It’s not unusual for co-workers to develop secret languages in order transmit messages cryptically. New York City bartenders are no exception, as noted in Ben Schott‘s Op-Art piece, “Behind Bars” in the February 15, 2014 issue of The New York Times Sunday Review.
For example, at Employees Only, the term “Fernando” is shouted when a glass is broken, while at P.D.T., “Nick & Nora” refers to a 4.5 ounce coupe glass. The language also expresses the nightly frustrations that many bartenders have to endure, such as the barfly “who comes in (usually when it is quiet) and sucks out the barman’s very core with his self-centered depressing rhetoric” aka a “Soul Stealer” at Brooklyn Social. Or perhaps the “star-tender” at Weather Up who orders “secret handshake drinks” to prove he’s also in the industry .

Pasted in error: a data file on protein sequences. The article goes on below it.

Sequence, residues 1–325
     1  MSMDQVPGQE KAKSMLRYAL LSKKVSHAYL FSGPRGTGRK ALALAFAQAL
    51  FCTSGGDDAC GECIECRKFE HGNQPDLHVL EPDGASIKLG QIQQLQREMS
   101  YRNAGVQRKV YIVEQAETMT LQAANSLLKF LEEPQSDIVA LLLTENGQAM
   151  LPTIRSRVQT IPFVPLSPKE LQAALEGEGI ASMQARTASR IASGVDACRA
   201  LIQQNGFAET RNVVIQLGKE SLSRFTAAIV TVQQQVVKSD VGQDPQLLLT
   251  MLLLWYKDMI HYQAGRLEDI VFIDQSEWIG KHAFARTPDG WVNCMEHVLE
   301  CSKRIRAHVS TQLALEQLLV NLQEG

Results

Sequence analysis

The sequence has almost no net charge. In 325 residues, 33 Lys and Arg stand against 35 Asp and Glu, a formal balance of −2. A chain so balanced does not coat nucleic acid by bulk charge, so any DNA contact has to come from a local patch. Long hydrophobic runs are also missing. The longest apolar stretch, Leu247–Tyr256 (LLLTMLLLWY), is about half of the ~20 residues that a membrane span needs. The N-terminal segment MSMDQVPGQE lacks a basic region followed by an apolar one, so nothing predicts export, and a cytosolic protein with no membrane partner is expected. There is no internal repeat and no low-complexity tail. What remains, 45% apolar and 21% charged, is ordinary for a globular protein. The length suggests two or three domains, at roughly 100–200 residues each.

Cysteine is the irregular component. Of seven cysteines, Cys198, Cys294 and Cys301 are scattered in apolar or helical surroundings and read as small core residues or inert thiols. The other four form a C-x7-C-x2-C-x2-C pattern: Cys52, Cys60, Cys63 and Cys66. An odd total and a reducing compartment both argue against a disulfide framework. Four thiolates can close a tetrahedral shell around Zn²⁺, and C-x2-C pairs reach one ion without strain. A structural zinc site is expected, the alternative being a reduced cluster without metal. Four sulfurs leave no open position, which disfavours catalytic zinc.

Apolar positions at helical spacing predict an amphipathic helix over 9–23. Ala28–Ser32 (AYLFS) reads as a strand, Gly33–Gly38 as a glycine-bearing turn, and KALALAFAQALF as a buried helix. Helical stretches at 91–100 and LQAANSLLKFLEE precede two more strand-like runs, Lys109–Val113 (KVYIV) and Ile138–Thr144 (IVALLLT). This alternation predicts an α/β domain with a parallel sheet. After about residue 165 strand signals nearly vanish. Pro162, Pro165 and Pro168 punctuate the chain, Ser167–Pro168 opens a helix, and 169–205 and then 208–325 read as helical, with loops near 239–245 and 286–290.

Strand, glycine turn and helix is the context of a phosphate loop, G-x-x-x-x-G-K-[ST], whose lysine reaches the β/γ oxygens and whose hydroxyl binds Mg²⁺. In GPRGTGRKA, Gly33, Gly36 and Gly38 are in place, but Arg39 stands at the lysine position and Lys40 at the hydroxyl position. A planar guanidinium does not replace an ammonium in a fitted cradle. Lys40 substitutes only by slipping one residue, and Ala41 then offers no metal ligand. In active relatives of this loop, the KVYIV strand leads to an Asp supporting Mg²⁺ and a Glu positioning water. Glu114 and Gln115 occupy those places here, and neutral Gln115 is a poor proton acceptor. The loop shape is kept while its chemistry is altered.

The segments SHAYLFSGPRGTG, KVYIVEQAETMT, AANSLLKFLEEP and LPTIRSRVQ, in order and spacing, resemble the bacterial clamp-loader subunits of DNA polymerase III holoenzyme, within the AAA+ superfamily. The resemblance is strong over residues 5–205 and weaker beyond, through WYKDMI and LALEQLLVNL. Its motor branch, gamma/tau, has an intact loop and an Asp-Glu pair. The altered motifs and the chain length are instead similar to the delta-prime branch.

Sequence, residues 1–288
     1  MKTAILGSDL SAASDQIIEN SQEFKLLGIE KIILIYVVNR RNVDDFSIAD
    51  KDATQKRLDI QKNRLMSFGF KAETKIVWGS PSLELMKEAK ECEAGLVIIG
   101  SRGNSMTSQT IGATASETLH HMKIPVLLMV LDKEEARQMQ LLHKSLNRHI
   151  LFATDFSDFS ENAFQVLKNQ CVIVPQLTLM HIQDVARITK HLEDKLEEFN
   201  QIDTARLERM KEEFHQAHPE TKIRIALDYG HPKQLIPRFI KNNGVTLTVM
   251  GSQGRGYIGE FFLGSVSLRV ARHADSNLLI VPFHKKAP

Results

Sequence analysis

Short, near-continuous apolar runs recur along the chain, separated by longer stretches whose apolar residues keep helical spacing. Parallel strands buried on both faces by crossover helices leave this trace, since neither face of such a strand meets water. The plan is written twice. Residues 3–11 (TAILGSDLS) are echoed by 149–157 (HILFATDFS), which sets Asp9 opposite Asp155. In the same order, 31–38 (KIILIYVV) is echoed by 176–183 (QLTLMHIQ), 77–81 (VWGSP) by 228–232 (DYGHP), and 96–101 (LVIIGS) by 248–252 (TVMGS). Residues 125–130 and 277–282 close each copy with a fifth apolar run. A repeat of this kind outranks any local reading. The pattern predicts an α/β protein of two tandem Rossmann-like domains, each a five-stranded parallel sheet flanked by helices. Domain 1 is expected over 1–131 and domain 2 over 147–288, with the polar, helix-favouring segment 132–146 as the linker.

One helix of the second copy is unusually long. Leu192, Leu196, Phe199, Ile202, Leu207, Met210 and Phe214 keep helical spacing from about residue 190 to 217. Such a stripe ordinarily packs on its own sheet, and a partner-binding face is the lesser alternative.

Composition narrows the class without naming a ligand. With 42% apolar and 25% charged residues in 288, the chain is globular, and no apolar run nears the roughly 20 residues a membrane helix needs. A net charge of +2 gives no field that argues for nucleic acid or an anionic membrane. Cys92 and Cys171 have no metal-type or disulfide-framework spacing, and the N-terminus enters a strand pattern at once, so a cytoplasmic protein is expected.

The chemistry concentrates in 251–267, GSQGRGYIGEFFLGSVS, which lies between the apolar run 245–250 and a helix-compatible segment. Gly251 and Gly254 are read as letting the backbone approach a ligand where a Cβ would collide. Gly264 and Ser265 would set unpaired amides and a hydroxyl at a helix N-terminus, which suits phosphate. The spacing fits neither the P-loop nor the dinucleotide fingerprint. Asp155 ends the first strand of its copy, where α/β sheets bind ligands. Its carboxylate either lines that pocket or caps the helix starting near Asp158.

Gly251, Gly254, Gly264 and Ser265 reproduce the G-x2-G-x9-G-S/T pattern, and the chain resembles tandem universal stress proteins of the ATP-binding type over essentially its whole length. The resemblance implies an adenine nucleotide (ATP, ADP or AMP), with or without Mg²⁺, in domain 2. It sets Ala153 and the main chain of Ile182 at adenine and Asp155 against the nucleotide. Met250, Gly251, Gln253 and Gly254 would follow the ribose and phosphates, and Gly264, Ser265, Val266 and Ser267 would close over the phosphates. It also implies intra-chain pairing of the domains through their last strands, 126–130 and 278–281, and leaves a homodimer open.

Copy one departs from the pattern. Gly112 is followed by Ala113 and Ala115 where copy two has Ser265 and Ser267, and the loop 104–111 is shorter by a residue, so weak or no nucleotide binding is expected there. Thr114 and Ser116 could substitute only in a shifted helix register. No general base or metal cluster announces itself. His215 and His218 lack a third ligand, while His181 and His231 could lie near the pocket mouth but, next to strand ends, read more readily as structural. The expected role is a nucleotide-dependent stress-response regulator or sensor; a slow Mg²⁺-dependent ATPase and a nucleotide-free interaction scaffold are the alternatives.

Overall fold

Sometimes, however, the language is truly utilitarian. Terms like the “Quadruple Pour” (mixing four drinks at once) at the Clover Club or “Irksome” (that little bit of booze left in the bottle, not enough for a drink) at Death & Co all came out of wanting to communicate the correct information in the most concise way possible.
images via The New York Times Sunday Review
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